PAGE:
In Sample Case #3, the Queen cannot reach Alice no matter what she does.

In Sample Case #4, the Queen can begin by announcing that she will move to Alice's current junction. Alice has to move before then. If Alice moves to where the Queen already is, she gets caught immediately; if Alice remains in place, then she gets caught when the Queen moves. The second option is better, since it requires $$$2$$$ total moves (Alice's and the Queen's) instead of $$$1$$$.

The first international Geese conference just wrapped up, and even though it should have been a happy occasion, it was bittersweet. The organizers found a paper with detailed plans of a duck infiltration. Now, they are trying to identify the infiltrating group from among the attendees.

The document that they found contained a list of $$$\mathbf{M}$$$ triples of integers $$$(\mathbf{X_i}, \mathbf{Y_i}, \mathbf{C_i})$$$ meaning the ducks would meet exactly $$$\mathbf{C_i}$$$ seconds after the start of the conference at point $$$(\mathbf{X_i}, \mathbf{Y_i})$$$, which is $$$\mathbf{X_i}$$$ meters east and $$$\mathbf{Y_i}$$$ meters north of the center of the conference floor. Each goose may or may not have been at those specific points at those specific times, but every duck certainly was.

Both ducks and geese walk at a maximum speed of one meter per second, which means an attendee that is at point $$$(x, y)$$$ at time $$$t$$$ can reach any point of the form $$$(x + \Delta_{x}, y + \Delta_{y})$$$ by time $$$t + \Delta_{t}$$$ as long as $$${\Delta_{x}}^2 + {\Delta_{y}}^2 \le {\Delta_{t}}^2$$$. Each attendee's position at time $$$0$$$ can be any point, independently of the other attendees.

After the discovery, the group held a questioning session to try to identify the ducks. During that session, attendees issued a series of statements, one at a time. The $$$j$$$-th of those, in the order they were issued, was made by attendee $$$\mathbf{A_j}$$$, claiming that both they and attendee $$$\mathbf{B_j}$$$ were at point $$$(\mathbf{U_j}, \mathbf{V_j})$$$ exactly $$$\mathbf{D_j}$$$ seconds after the start of the conference. Points in statements may or may not be points where duck meetings happened.

Statements from geese are always true, but ducks may lie. Moreover, ducks know which attendees are ducks and which are geese. To avoid getting caught easily, ducks only make statements that are consistent with all statements previously made by geese. Note that statements made by geese are consistent with all ducks being at all duck meetings.

It may not be possible to determine all the ducks with the information provided. However, knowing the minimum number of ducks will at least provide a lower bound on the level of duck activity. Note that there was at least one duck. Find this minimum number of ducks.

Formally, a *hypothesis* $$$H$$$ is a partition of all attendees into a set of ducks
(named $$$H$$$-ducks) and geese (named $$$H$$$-geese).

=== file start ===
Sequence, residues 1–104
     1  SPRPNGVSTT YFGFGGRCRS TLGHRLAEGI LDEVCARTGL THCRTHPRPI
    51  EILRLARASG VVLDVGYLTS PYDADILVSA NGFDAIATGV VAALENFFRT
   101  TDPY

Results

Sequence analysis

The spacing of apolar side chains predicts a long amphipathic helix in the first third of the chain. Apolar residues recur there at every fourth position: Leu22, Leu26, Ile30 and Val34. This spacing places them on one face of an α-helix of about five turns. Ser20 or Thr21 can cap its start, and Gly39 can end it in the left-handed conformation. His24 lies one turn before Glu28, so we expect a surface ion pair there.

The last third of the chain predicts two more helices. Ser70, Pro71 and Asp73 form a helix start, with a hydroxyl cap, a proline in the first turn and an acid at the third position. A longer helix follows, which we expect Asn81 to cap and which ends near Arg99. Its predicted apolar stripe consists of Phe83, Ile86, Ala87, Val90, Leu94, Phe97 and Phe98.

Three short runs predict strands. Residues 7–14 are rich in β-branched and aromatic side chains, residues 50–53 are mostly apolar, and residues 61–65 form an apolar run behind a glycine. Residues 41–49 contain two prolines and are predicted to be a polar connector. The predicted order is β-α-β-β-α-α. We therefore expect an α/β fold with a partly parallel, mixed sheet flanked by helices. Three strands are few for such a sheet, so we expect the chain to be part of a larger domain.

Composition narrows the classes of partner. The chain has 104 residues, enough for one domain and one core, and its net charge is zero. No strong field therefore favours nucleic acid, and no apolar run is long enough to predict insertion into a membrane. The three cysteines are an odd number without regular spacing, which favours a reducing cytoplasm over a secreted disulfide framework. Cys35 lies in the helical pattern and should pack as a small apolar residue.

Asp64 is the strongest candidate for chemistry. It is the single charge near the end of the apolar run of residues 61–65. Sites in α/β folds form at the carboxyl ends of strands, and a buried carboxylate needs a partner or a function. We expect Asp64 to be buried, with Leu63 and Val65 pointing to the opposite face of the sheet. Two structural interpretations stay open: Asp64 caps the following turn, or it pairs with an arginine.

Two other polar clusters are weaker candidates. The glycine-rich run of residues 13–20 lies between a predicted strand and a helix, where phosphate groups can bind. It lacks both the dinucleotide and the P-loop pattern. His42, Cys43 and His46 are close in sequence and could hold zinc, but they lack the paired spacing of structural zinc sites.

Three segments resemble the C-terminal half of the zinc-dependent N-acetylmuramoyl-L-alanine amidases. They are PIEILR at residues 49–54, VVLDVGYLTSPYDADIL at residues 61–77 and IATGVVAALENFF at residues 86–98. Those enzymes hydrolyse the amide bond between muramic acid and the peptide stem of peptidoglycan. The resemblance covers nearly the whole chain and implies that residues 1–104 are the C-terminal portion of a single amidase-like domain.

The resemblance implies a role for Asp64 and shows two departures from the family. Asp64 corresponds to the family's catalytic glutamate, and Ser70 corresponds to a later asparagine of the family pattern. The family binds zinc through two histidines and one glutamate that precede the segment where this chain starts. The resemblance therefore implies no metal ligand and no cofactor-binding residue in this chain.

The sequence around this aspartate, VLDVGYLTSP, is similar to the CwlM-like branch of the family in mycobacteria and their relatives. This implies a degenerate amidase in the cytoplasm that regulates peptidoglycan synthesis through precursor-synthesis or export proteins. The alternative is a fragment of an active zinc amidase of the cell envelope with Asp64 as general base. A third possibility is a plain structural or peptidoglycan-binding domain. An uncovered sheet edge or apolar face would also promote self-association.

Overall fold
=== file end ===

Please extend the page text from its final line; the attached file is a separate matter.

$$$H$$$ is consistent with a set of statements $$$S$$$
if there exists a path for each attendee moving at most one meter per second
such that:

- all $$$H$$$-ducks were at all duck meetings and
- for each statement in $$$S$$$ claiming that $$$A$$$ saw $$$B$$$ at point $$$P$$$ at time $$$T$$$, both $$$A$$$ and $$$B$$$'s paths went through point $$$P$$$ at time $$$T$$$.

A hypothesis $$$H$$$ is *feasible* under a set of statements $$$S$$$ if:

- $$$H$$$-ducks is not empty
*(i.e., there was at least one duck)*, - the subset of all statements from $$$S$$$ made by members of $$$H$$$-geese is consistent with $$$H$$$
*(i.e., statements from geese are always true), and* - for each statement $$$s \in S$$$ made by a member of $$$H$$$-ducks, if $$$P \subseteq S$$$ is the subset
of statements made by members of $$$H$$$-geese issued before $$$s$$$, there exists a hypothesis $$$H'$$$
(which may or may not be equal to $$$H$$$) such that $$$\{ s \} \cup P$$$ is consistent
with $$$H'$$$
*(i.e., ducks do not contradict previous statements made by geese).*

Notice that the hypotheses $$$H$$$ such that $$$H$$$-ducks contains all attendees is always feasible.

Find the minimum size of $$$H$$$-ducks over all feasible hypotheses $$$H$$$.

The first line of the input gives the number of test cases, $$$\mathbf{T}$$$. $$$\mathbf{T}$$$ test cases follow. Each test case starts with a line containing three integers, $$$\mathbf{N}$$$, $$$\mathbf{M}$$$, and $$$\mathbf{S}$$$, representing the numbers of attendees, duck meetings, and statements, respectively. The next $$$\mathbf{M}$$$ lines each describe a different duck meeting with three integers $$$\mathbf{X_i}$$$, $$$\mathbf{Y_i}$$$, and $$$\mathbf{C_i}$$$, representing that there was a meeting at point $$$(\mathbf{X_i}, \mathbf{Y_i})$$$, held exactly $$$\mathbf{C_i}$$$ seconds after the start of the conference. Then, the last $$$\mathbf{S}$$$ lines of a test case each describe a statement. The $$$j$$$-th of these lines describes the $$$j$$$-th issued statement with five integers $$$\mathbf{A_j}$$$, $$$\mathbf{B_j}$$$, $$$\mathbf{U_j}$$$, $$$\mathbf{V_j}$$$, and $$$\mathbf{D_j}$$$, representing that attendee $$$\mathbf{A_j}$$$ stated that they and attendee $$$\mathbf{B_j}$$$ were both at point $$$(\mathbf{U_j}, \mathbf{V_j})$$$ exactly $$$\mathbf{D_j}$$$ seconds after the start of the conference.

For each test case, output one line containing `Case #$$$x$$$: $$$y$$$`

,
where $$$x$$$ is the test case number (starting from 1) and $$$y$$$ is the minimum number of ducks
that might have infiltrated the conference.

Memory limit: 1 GB.

$$$1 \le \mathbf{T} \le 50$$$.

$$$-10^9 \le \mathbf{X_i} \le 10^9$$$, for all $$$i$$$.

$$$-10^9 \le \mathbf{Y_i} \le 10^9$$$, for all $$$i$$$.

$$$1 \le \mathbf{C_i} \le 10^9$$$, for all $$$i$$$.

$$$\mathbf{C_i} \lt \mathbf{C_{i+1}}$$$, for all $$$i$$$.

$$$(\mathbf{X_i} - \mathbf{X_{i+1}})^2 + (\mathbf{Y_i} - \mathbf{Y_{i+1}})^2 \le (\mathbf{C_i} - \mathbf{C_{i+1}})^2$$$, for all $$$i$$$.

$$$1 \le \mathbf{A_j} \le \mathbf{N}$$$, for all $$$j$$$.